April 18, 2013
Do you want to cook more frequently, or more creatively, but aren’t sure how to start? Or maybe you’re faced with picky eaters who refuse to eat anything you make? The barriers to cooking can quickly add up, which makes eating out feel like a lot less hassle, and seemingly worth the expense. But that doesn’t need to be the case. Here are a few tips to make it easier to cook healthy and delicious family meals.
- Plan your meals the MyPlate way. Incorporate a variety of colorful fruits and vegetables to increase visual appeal.
- Start with simple recipes. Once you get used to cooking and comfortable with the recipes, experiment with substitutions and additions.
- Plan ahead for meals and shopping trips. This will help to minimize the prep time and frustration surrounding cooking and increase the chances you’ll have the ingredients you need to quickly throw together a meal after a long day at work or taking care of the kids.
- Choose local and in-season produce whenever possible to maximize taste. Taste is the number-one predictor of whether or not kids will eat a food. Spending the extra effort to pick produce that tastes good ups the chances that your kids will like it and want to try it again. Also consider frozen and canned vegetables and fruits (just watch out for sodium and added sugar).
- Incorporate herbs and spices into your recipes. Not only do herbs and spices enhance the taste of food, they also add fantastic aromas to your cooking. The sense of smell is 10,000 more sensitive than taste and is a major determinant of how positively a food is received. If you make your meals smell good, you greatly increase the chances your kids will want to eat them.
- Use cooking methods that create delicious-tasting food without an excess of calories. For example, simmering, boiling, stewing, steaming, braising and poaching all use water as the primary cooking medium, while roasting, baking, broiling and grilling use heated air. Both of those types of cooking methods don’t add extra calories (as opposed to sautéing, panfrying and deep-fat frying, which can add hundreds of excess calories).
- Include at least one food your picky eaters like at each meal. This way, you don’t have to worry about your children refusing to eat everything; they’ll be happy and you can avert unpleasant mealtime battles. However, don’t hesitate to add a new fresh ingredient to an old favorite to try to help your children be a littler more open-minded about food preferences. Keep in mind that it can take children 15 to 20 tries before accepting a new food, so don’t sweat it if they reject the new addition on the first—or even the 15th—try.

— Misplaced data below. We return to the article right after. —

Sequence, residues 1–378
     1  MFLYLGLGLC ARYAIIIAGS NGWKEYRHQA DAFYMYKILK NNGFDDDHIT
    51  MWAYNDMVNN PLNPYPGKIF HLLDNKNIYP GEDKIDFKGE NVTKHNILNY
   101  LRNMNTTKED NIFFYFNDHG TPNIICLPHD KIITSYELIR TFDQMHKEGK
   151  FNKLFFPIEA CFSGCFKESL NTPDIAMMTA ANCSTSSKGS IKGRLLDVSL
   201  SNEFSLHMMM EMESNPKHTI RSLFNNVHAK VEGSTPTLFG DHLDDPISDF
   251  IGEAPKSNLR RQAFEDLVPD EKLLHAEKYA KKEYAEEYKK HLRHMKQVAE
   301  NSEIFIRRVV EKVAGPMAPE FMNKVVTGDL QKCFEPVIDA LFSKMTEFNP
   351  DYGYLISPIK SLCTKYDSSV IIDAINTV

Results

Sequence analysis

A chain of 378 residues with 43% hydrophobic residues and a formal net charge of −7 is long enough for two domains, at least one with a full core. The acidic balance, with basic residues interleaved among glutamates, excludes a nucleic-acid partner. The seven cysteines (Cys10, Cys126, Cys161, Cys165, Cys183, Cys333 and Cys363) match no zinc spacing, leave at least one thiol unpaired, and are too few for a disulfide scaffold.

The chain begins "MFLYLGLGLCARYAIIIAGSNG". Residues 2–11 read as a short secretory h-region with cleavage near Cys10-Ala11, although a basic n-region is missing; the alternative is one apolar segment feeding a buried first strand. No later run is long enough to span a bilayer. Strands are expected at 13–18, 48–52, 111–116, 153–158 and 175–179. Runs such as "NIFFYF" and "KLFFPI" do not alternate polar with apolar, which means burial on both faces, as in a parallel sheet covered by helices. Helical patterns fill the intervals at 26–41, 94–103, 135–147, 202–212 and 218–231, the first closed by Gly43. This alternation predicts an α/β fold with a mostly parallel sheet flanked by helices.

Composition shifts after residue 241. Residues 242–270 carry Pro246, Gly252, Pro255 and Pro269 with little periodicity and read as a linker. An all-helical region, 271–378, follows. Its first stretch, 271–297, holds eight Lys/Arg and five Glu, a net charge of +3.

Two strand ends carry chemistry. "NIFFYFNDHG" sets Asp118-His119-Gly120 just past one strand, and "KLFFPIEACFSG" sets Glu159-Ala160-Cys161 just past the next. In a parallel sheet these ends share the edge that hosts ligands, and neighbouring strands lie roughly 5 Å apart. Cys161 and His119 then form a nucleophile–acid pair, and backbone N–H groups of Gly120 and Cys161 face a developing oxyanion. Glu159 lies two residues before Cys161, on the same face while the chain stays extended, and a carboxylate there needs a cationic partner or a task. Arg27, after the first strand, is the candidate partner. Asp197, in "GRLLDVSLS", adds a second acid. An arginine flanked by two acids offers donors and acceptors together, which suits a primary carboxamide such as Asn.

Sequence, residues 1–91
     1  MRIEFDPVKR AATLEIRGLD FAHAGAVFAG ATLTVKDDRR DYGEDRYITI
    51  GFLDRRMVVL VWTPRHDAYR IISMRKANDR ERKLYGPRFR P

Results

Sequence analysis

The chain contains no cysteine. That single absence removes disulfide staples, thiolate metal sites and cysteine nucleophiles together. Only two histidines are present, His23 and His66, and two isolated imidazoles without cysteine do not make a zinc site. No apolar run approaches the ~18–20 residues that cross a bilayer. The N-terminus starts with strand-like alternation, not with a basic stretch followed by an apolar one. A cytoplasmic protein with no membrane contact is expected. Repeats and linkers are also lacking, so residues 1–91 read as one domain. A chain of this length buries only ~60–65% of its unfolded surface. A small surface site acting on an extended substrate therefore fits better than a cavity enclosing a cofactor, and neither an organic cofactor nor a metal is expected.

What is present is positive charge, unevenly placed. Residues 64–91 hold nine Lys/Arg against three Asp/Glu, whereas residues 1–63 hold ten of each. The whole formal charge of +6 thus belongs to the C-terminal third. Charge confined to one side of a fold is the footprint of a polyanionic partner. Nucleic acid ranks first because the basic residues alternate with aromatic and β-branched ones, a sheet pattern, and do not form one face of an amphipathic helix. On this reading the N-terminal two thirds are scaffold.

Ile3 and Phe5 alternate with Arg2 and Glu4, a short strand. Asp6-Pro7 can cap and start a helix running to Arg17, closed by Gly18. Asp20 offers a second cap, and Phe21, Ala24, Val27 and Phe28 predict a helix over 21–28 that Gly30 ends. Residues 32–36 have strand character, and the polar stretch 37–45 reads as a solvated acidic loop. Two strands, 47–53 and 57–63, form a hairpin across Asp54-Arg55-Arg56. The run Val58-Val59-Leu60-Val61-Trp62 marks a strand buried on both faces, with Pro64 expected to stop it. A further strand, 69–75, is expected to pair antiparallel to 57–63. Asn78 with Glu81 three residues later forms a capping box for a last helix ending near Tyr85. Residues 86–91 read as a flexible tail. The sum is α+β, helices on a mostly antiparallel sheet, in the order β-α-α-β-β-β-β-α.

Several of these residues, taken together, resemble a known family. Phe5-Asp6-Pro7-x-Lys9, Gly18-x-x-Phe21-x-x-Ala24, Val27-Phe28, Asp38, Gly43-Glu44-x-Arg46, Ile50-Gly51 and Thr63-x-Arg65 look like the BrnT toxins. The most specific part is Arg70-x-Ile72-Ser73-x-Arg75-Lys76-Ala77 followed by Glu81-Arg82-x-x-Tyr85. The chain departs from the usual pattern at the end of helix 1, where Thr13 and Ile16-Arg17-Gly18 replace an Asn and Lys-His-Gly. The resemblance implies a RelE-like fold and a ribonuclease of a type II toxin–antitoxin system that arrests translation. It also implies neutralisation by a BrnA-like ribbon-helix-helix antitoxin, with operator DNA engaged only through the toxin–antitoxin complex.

- Sneak it in. Help your kids acquire a taste for a consistently refused food by pureeing it and adding it to a mealtime favorite. Only do this on rare occasion, as the goal is to get your kids to actually be willing to try and learn to like the food. The best way for them to do this is to know that they are eating it.
- Solicit help. Involving your kids in meal preparation, serving and clean up not only makes your job easier, but by including them in meal preparation, they’ll be more likely to eat what they help make.
- Have fun with it. Cooking need not be a dreaded ritual. Try to have fun experimenting with different ingredients and recipes. For example, you could take a “trip around the world” from the comfort of your own home by learning about foods from different cultures and trying to recreate some of the healthier dishes. Each week (or month) choose a new country and typical fare to try.
Adapted from Muth, N.D. (2012). “Eat Your Vegetables” and Other Mistakes Parents Make: Redefining How to Raise Healthy Eaters. Monterey, Calif.: Healthy Learning.
By Natalie Digate Muth
Natalie Digate Muth, MD, MPH, RD, FAAPNatalie Digate Muth, MD, MPH, RD, FAAP is the Senior Advisor for Healthcare Solutions for the American Council on Exercise, a board-certified pediatrician and Fellow of the American Academy of Pediatrics, a Diplomat of the American Board of Obesity Medicine, registered dietitian and board-certified specialist in sports dietetics, and ACE Certified Health Coach. She is the author of "Eat Your Vegetables and Other Mistakes Parents Make: Redefining How to Raise Healthy Eaters" and the textbook "Sports Nutrition for Health Professionals." She has been ACE certified since 1998.